Getting to go to Moab for Easter Jeep Safari (EJS) is without a doubt one of the perks to an off-road magazine tech editor’s job. Why this is true really ought to be totally obvious to anyone out there in Four Wheeler land, but if it’s not, allow us to clarify: Generally our job is a fun one. Many of us in the industry have converted a hobby into a career, and that has good sides and bad. On the good side, you almost always get to do something you enjoy. On the bad side, you find yourself “working” way more than anyone should work. Of course it’s mostly fun work, but it’s still work and it can be easy to get burned out on doing what you love. Also, the folks that send a check usually know that they’ve got you hooked. You’d be doing this if they send a paycheck or not (please keep sending paychecks, it makes buying parts much easier (…err, we mean it’s really for Verne’s kids’ sake, so they can eat food and not just gnaw on 4x4 parts).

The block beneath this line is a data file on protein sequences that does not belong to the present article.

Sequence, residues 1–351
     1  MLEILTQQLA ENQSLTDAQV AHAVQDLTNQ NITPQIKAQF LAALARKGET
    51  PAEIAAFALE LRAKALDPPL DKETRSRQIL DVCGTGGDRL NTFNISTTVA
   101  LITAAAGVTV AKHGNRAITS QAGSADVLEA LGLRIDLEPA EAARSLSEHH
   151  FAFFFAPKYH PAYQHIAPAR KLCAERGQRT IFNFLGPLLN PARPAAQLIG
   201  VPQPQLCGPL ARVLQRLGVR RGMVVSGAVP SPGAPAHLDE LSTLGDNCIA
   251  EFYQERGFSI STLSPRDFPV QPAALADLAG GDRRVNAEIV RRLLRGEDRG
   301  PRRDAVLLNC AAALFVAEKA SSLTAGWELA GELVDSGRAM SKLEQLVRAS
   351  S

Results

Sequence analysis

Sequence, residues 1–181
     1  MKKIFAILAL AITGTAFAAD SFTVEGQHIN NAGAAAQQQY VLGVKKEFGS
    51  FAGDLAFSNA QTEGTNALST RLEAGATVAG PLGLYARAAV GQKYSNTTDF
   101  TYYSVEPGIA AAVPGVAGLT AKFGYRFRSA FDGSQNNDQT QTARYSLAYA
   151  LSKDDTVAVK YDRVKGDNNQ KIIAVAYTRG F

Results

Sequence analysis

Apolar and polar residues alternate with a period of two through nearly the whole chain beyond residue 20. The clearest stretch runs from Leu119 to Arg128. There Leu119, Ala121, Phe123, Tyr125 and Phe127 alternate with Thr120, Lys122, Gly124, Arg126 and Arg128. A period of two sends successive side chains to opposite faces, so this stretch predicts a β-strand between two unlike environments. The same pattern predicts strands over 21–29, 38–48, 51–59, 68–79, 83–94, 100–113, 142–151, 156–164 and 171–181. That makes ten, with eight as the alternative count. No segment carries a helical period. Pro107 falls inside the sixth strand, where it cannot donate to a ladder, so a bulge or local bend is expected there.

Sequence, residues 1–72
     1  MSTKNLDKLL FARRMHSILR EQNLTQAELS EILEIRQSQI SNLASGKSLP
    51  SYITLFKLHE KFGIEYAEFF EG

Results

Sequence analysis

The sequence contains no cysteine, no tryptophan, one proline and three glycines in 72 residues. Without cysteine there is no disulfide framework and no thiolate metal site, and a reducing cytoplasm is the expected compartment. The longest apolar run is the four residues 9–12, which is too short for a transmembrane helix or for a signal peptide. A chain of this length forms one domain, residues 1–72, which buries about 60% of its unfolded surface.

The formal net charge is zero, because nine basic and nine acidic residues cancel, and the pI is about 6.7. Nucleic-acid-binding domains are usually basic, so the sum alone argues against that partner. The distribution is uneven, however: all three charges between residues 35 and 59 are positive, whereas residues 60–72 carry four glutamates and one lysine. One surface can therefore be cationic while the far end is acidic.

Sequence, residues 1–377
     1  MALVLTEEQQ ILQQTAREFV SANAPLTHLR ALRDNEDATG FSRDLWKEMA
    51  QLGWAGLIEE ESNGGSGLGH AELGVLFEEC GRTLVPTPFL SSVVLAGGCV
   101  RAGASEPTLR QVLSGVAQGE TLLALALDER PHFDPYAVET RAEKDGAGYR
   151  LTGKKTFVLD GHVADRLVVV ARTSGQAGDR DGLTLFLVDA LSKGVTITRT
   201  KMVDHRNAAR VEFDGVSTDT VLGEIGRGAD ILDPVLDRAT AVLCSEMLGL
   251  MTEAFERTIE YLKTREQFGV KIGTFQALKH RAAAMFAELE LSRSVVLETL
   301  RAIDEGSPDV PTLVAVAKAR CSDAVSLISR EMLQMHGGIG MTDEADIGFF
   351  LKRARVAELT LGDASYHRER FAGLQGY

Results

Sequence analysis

One time of the year when it’s really easy to wake up, rush to get ready to work, and work all day until you can hardly stand up anymore is when we are in Moab for EJS. At its worst, this job during EJS means using a camera to watch someone else in a cool 4x4 hit some of the world’s best off-road trails. Or maybe the worst thing is writing about that exact thing late at night after a long day and an early morning. All in all, it’s not too shabby of a gig if you can get it and keep enough money to eat (instead of buying more off-road parts). At its best, this job during EJS involves wheeling your own rig with friends on some of the world’s best off-road trails. Sometimes you get stuck, sometimes you break, but either way you are still in Moab, the weather is (typically) great, friends are close by, and if you can’t fix your rig chances are you can get it off the trail and hop in with a buddy.